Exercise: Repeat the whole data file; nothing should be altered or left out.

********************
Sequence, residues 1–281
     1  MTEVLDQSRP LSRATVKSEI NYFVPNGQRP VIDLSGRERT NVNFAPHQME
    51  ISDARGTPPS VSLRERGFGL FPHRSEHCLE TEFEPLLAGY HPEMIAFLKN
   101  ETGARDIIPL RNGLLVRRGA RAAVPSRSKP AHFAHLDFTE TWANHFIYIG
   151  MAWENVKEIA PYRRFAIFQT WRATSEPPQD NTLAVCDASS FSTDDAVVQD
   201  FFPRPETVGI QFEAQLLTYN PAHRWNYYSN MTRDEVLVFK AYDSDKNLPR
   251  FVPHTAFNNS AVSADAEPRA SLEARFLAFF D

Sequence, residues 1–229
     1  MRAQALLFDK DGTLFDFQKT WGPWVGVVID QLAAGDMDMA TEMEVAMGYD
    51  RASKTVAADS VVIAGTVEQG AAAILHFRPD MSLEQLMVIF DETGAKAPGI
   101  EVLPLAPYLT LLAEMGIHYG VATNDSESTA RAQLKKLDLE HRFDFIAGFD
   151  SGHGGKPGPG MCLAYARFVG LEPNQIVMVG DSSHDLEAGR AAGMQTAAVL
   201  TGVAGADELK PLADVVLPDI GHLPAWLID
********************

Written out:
Sequence, residues 1–281
     1  MTEVLDQSRP LSRATVKSEI NYFVPNGQRP VIDLSGRERT NVNFAPHQME
    51  ISDARGTPPS VSLRERGFGL FPHRSEHCLE TEFEPLLAGY HPEMIAFLKN
   101  ETGARDIIPL RNGLLVRRGA RAAVPSRSKP AHFAHLDFTE TWANHFIYIG
   151  MAWENVKEIA PYRRFAIFQT WRATSEPPQD NTLAVCDASS FSTDDAVVQD
   201  FFPRPETVGI QFEAQLLTYN PAHRWNYYSN MTRDEVLVFK AYDSDKNLPR
   251  FVPHTAFNNS AVSADAEPRA SLEARFLAFF D

Sequence, residues 1–229
     1  MRAQALLFDK DGTLFDFQKT WGPWVGVVID QLAAGDMDMA TEMEVAMGYD
    51  RASKTVAADS VVIAGTVEQG AAAILHFRPD MSLEQLMVIF DETGAKAPGI
   101  EVLPLAPYLT LLAEMGIHYG VATNDSESTA RAQLKKLDLE HRFDFIAGFD
   151  SGHGGKPGPG MCLAYARFVG LEPNQIVMVG DSSHDLEAGR AAGMQTAAVL
   201  TGVAGADELK PLADVVLPDI GHLPAWLID